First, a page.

Computer fraud is any dishonest misrepresentation of fact intended to let another to do or refrain from doing something which causes loss.
Cybercrime

Classifications : Financial fraud crimes, Cyberterrorism, Cyberextortion

With traditional crime reducing, global communities continue to witness a sporadic growth in cybercrime. Computer crime encompasses a broad range of activities.

Cyberextortion occurs when a website, e-mail server, or computer system is subjected to or threatened with repeated denial of service or other attacks by malicious hackers.
Cyberextortion occurs when a website, e-mail server, or computer system is subjected to or threatened with repeated denial of service or other attacks by malicious hackers.

 

Financial fraud crimes

Computer fraud is any dishonest misrepresentation of fact intended to let another to do or refrain from doing something which causes loss. In this context, the fraud will result in obtaining a benefit by:

  • Altering in an unauthorized way. This requires little technical expertise and is a common form of theft by employees altering the data before entry or entering false data, or by entering unauthorized instructions or using unauthorized processes;
  • Altering, destroying, suppressing, or stealing output, usually to conceal unauthorized transactions. This is difficult to detect;
  • Altering or deleting stored data;

Other forms of fraud may be facilitated using computer systems, including bank fraud, carding, identity theft, extortion, and theft of classified information. These types of crime often result in the loss of private information or monetary information.

Cyberterrorism

Government officials and information technology security specialists have documented a significant increase in Internet problems and server scans since early 2001. There is a growing concern among government agencies such as the Federal Bureau of Investigations (FBI) and the Central Intelligence Agency (CIA) that such intrusions are part of an organized effort by cyberterrorist foreign intelligence services, or other groups to map potential security holes in critical systems. A cyberterrorist is someone who intimidates or coerces a government or an organization to advance his or her political or social objectives by launching a computer-based attack against computers, networks, or the information stored on them.

Cyberterrorism, in general, can be defined as an act of terrorism committed through the use of cyberspace or computer resources (Parker 1983). As such, a simple propaganda piece on the Internet that there will be bomb attacks during the holidays can be considered cyberterrorism. There are also hacking activities directed towards individuals, families, organized by groups within networks, tending to cause fear among people, demonstrate power, collecting information relevant for ruining peoples’ lives, robberies, blackmailing, etc.

Cyberextortion

Cyberextortion occurs when a website, e-mail server, or computer system is subjected to or threatened with repeated denial of service or other attacks by malicious hackers. These hackers demand money in return for promising to stop the attacks and to offer « protection ». According to the Federal Bureau of Investigation, cybercrime extortionists are increasingly attacking corporate websites and networks, crippling their ability to operate and demanding payments to restore their service. More than 20 cases are reported each month to the FBI and many go unreported in order to keep the victim’s name out of the public domain. Perpetrators typically use a distributed denial-of-service attack. However, other cyberextortion techniques exist such as doxing extortion and bug poaching.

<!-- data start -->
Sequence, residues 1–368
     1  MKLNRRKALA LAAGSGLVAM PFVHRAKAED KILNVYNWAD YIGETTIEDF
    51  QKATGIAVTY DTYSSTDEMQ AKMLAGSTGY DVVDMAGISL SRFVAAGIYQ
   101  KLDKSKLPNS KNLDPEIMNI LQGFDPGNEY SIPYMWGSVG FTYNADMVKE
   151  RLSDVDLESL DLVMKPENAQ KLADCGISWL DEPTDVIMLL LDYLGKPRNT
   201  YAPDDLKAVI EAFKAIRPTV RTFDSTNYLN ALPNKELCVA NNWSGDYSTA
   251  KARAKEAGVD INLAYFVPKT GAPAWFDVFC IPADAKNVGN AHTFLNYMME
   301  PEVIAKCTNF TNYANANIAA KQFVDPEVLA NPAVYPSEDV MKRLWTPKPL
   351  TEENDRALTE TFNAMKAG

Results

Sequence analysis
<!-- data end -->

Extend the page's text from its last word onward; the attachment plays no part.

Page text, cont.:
An example of cyberextortion was the attack on Sony Pictures of 2014.

Ransomware is a kind of cyberextortion in which a malware is used to restrict access to files, sometimes threatening permanent data erasure unless a ransom is paid. Kapersky Lab 2016 Security Bulletin report estimates that a business falls victim of Ransomware every 40 minutes. and predicted to attack a business every 11 minutes in 2021. With Ransomware remaining one of the fastest growing cybercrimes in the world, global Ransomware damage is predicted to cost up to $20 billion in 2021.

Cybersex trafficking

Cybersex trafficking is the transportation of victims and then the live streaming of coerced sexual acts and or rape on webcam. Victims are abducted, threatened, or deceived and transferred to ‘cybersex dens.’ The dens can be in any location where the cybersex traffickers have a computer, tablet, or phone with internet connection. Perpetrators use social media networks, videoconferences, dating pages, online chat rooms, apps, dark web sites, and other platforms. They use online payment systems and cryptocurrencies to hide their identities. Millions of reports of its occurrence are sent to authorities annually. New legislation and police procedures are needed to combat this type of cybercrime.

An example of cybersex trafficking is the 2018–2020 Nth room case in South Korea.

Cyberwarfare

Sailors analyze, detect and defensively respond to unauthorized activity within U.S. Navy information systems and computer networks
The U.S. Department of Defense notes that the cyberspace has emerged as a national-level concern through several recent events of geostrategic significance. Among those are included, the attack on Estonia’s infrastructure in 2007, allegedly by Russian hackers. In August 2008, Russia again allegedly conducted cyber attacks, this time in a coordinated and synchronized kinetic and non-kinetic campaign against the country of Georgia. Fearing that such attacks may become the norm in future warfare among nation-states, the concept of cyberspace operations impacts and will be adapted by warfighting military commanders in the future.

Source : https://en.wikipedia.org/wiki/Cybercrime